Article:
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New Dinghy Website part 8 – Circular Floating Images

Nils Borgböhmer
Nils Borgböhmer

Video Summary

Hey everyone, Nils here from Dinghy Studio, back with another update on our agency's website rebuild. Today, I'm excited to discuss an animation we're implementing using a neat CSS feature.

On our homepage, we faced a unique layout challenge. Initially, I thought about absolutely positioning the elements, but then I decided to explore CSS's trigonometric functions. These functions, introduced last year, allow for circular layouts as opposed to the traditional rectangular ones.

Let's take a quick look at how this is set up in our Sanity CMS. In the team section on the homepage, we have a straightforward setup – just a collection of images. The great thing about Sanity is that we can reorder these images easily without affecting the animation.

For mobile, we decided against the circular layout due to space constraints. Instead, we went for a photo stack effect where images slide over each other. It's a neat, space-efficient approach that maintains the visual appeal.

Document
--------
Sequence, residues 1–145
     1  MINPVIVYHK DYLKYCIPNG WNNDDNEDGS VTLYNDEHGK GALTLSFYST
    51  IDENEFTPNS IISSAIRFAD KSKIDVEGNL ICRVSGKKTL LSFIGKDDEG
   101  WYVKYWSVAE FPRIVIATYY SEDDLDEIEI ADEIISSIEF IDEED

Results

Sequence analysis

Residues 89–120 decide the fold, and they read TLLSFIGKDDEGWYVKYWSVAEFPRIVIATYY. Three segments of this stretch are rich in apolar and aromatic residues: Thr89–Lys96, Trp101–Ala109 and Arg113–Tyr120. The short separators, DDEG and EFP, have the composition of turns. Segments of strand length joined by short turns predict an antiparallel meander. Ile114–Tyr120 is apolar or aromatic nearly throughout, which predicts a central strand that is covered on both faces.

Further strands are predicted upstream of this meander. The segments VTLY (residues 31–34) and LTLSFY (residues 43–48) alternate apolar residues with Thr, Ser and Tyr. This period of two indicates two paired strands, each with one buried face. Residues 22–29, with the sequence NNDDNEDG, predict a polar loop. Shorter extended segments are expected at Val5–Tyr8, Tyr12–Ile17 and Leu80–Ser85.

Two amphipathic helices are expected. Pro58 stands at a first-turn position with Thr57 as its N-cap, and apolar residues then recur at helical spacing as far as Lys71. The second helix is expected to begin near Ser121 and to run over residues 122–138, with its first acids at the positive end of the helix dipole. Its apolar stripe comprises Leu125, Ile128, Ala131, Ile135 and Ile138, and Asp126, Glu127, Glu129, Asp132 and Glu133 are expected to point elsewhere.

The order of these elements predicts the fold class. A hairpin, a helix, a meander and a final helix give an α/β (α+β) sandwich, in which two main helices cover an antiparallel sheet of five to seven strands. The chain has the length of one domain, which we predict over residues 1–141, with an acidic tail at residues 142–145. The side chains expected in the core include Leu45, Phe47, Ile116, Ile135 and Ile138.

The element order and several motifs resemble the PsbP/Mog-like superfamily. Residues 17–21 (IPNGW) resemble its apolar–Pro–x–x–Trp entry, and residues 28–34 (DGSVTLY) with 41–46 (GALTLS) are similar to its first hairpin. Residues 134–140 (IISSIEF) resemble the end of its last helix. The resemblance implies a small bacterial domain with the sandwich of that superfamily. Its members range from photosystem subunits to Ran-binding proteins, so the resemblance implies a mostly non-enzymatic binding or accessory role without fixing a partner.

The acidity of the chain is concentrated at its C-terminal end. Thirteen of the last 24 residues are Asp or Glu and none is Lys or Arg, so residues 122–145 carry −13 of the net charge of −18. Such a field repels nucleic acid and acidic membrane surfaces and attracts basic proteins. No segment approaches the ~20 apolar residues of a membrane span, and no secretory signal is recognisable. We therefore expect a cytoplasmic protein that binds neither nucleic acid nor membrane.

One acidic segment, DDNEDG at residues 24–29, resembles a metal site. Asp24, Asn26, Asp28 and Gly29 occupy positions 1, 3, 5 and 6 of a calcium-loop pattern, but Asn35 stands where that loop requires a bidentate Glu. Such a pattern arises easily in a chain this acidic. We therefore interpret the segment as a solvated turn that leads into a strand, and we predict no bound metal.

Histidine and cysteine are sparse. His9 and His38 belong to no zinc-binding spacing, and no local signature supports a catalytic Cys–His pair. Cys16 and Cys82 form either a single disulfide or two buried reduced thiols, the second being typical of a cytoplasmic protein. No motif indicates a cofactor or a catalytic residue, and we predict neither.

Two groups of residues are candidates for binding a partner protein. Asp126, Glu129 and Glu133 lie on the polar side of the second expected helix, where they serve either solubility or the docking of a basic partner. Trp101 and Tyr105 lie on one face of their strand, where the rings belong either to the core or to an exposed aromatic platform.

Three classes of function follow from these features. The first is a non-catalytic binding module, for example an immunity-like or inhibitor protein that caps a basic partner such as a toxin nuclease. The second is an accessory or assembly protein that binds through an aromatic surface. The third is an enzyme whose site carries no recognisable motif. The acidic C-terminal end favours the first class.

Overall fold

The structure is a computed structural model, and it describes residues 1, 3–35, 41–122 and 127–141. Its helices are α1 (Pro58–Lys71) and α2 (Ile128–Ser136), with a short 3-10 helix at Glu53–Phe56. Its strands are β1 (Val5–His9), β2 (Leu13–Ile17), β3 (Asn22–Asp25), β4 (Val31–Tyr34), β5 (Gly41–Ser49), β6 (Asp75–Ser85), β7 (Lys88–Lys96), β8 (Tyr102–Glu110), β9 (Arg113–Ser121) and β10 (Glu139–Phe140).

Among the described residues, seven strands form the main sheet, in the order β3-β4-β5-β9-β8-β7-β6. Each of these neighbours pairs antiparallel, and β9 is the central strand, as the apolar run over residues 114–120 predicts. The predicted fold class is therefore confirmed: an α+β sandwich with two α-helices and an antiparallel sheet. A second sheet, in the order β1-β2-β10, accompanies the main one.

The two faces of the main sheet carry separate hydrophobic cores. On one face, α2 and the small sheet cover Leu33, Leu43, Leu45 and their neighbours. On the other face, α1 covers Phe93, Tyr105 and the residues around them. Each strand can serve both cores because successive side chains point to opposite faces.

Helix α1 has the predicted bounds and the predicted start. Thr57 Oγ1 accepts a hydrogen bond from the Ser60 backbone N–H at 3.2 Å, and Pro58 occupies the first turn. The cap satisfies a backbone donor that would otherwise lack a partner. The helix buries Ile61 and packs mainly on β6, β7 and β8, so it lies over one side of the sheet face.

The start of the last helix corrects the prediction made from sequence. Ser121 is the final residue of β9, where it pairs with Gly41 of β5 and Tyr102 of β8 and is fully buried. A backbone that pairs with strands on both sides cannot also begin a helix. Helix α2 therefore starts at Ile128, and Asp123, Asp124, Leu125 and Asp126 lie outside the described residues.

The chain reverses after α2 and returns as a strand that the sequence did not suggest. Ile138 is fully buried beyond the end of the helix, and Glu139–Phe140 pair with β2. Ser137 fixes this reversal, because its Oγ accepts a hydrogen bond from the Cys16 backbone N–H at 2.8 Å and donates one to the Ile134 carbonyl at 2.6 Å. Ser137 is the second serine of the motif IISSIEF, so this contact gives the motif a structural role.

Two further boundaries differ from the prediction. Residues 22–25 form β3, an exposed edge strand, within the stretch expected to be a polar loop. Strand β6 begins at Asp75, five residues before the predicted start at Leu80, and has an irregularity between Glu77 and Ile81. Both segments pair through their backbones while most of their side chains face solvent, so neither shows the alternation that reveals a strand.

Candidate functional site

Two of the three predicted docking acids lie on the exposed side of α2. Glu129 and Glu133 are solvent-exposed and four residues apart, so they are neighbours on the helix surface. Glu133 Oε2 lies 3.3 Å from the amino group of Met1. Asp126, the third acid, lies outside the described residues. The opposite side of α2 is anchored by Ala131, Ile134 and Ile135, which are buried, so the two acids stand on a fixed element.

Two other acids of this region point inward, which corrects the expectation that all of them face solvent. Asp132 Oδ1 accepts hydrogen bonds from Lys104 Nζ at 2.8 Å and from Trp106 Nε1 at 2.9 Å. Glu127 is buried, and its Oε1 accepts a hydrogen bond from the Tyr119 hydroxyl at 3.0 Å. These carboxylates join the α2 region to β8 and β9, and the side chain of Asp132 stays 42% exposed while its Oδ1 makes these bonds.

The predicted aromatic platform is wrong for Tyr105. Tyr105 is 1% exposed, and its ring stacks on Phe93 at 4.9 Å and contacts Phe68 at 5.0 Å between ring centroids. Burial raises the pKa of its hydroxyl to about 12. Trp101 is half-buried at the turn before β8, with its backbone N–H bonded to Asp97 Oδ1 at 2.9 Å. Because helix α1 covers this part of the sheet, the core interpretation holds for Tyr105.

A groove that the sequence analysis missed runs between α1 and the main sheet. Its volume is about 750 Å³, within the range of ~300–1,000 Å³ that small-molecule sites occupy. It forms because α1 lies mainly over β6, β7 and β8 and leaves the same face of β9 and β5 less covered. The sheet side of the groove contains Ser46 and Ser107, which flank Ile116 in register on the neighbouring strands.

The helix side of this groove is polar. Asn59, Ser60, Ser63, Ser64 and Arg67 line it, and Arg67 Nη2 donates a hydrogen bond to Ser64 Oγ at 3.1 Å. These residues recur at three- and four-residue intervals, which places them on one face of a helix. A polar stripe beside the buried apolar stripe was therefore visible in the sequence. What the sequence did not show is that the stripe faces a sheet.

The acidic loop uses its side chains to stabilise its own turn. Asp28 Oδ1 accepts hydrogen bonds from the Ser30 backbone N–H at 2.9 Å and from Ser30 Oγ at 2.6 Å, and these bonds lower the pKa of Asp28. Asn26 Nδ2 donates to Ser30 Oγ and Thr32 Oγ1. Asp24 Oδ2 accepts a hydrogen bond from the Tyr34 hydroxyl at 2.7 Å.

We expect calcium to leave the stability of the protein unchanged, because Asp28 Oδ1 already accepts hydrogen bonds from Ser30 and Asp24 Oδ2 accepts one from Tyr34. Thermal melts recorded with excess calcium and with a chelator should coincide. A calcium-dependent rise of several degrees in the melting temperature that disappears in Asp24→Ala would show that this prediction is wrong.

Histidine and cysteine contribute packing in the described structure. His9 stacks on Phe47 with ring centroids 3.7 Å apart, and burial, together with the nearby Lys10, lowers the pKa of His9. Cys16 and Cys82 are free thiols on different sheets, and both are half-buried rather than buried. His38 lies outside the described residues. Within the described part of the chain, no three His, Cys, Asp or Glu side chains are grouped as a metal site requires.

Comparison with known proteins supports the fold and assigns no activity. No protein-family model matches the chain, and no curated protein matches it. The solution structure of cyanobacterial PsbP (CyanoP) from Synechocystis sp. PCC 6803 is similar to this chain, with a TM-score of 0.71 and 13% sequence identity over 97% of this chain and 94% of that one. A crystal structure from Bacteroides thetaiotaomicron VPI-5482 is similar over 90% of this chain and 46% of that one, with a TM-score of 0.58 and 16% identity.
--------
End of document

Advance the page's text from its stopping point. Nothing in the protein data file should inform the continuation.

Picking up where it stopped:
On desktop, however, we embraced the circular layout. Each image has a hover effect and is positioned in a circular formation. I added a bit of randomness to the positioning to avoid a perfect circle, giving it a more dynamic feel.

The core of this implementation is in the CSS. We use a loop in the code to create a list item with an image for each team member. A counter keeps track of the index number, which is crucial for positioning each image on the circle. By calculating the degrees like on a clock (based on the number of images), we can position each image precisely.

The exciting part is the use of CSS trigonometric functions for absolute positioning. These functions allow for an easier and more accurate placement on a circular path. This was a revelation to me, and I even used GPT to understand and implement these calculations.

To maintain the orientation of each image while rotating, we used the animation in two places: on the entire container and on each element, running it in reverse for the latter. This keeps the images facing upright as they move around the circle.

This whole section turned out quite well, and I'm pleased with the result. It's a testament to the power of new CSS capabilities and tools like GPT, which can provide a solid starting point for complex animations.

Author

Nils Borgböhmer
Nils Borgböhmer

Co-Founder, Head of Interaction Design

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